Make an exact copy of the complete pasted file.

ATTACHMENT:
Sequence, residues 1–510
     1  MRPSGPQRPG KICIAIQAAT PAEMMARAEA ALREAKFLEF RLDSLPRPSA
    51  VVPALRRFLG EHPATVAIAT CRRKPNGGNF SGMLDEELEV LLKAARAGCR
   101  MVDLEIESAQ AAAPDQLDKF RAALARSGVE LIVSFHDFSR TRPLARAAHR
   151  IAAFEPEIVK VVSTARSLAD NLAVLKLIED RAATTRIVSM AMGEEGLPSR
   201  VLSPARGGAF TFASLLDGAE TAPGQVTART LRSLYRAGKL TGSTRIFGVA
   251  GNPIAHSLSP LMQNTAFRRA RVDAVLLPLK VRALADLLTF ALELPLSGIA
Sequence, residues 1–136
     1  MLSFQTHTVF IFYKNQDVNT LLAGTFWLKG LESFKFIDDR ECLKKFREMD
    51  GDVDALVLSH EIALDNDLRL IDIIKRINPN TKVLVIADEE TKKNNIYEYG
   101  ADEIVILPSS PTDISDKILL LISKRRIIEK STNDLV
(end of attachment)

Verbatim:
Sequence, residues 1–510
     1  MRPSGPQRPG KICIAIQAAT PAEMMARAEA ALREAKFLEF RLDSLPRPSA
    51  VVPALRRFLG EHPATVAIAT CRRKPNGGNF SGMLDEELEV LLKAARAGCR
   101  MVDLEIESAQ AAAPDQLDKF RAALARSGVE LIVSFHDFSR TRPLARAAHR
   151  IAAFEPEIVK VVSTARSLAD NLAVLKLIED RAATTRIVSM AMGEEGLPSR
   201  VLSPARGGAF TFASLLDGAE TAPGQVTART LRSLYRAGKL TGSTRIFGVA
   251  GNPIAHSLSP LMQNTAFRRA RVDAVLLPLK VRALADLLTF ALELPLSGIA
Sequence, residues 1–136
     1  MLSFQTHTVF IFYKNQDVNT LLAGTFWLKG LESFKFIDDR ECLKKFREMD
    51  GDVDALVLSH EIALDNDLRL IDIIKRINPN TKVLVIADEE TKKNNIYEYG
   101  ADEIVILPSS PTDISDKILL LISKRRIIEK STNDLV